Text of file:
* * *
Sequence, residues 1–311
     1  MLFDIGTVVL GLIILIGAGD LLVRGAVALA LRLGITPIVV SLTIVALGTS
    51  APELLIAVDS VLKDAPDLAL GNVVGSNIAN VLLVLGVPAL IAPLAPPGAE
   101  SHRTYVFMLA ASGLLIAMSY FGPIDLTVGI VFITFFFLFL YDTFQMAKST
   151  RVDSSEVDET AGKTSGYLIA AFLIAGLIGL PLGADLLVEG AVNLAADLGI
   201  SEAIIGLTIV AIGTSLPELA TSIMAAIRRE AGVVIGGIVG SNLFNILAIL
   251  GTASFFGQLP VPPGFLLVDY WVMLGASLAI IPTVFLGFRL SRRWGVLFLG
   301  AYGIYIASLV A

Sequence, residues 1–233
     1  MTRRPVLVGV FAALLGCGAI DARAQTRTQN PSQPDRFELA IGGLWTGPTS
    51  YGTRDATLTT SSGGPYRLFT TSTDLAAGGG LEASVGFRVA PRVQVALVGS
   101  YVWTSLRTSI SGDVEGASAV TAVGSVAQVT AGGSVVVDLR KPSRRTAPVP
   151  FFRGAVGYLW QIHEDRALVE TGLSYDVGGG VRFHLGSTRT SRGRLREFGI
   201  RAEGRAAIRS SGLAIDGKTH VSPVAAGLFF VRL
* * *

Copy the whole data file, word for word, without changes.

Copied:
Sequence, residues 1–311
     1  MLFDIGTVVL GLIILIGAGD LLVRGAVALA LRLGITPIVV SLTIVALGTS
    51  APELLIAVDS VLKDAPDLAL GNVVGSNIAN VLLVLGVPAL IAPLAPPGAE
   101  SHRTYVFMLA ASGLLIAMSY FGPIDLTVGI VFITFFFLFL YDTFQMAKST
   151  RVDSSEVDET AGKTSGYLIA AFLIAGLIGL PLGADLLVEG AVNLAADLGI
   201  SEAIIGLTIV AIGTSLPELA TSIMAAIRRE AGVVIGGIVG SNLFNILAIL
   251  GTASFFGQLP VPPGFLLVDY WVMLGASLAI IPTVFLGFRL SRRWGVLFLG
   301  AYGIYIASLV A

Sequence, residues 1–233
     1  MTRRPVLVGV FAALLGCGAI DARAQTRTQN PSQPDRFELA IGGLWTGPTS
    51  YGTRDATLTT SSGGPYRLFT TSTDLAAGGG LEASVGFRVA PRVQVALVGS
   101  YVWTSLRTSI SGDVEGASAV TAVGSVAQVT AGGSVVVDLR KPSRRTAPVP
   151  FFRGAVGYLW QIHEDRALVE TGLSYDVGGG VRFHLGSTRT SRGRLREFGI
   201  RAEGRAAIRS SGLAIDGKTH VSPVAAGLFF VRL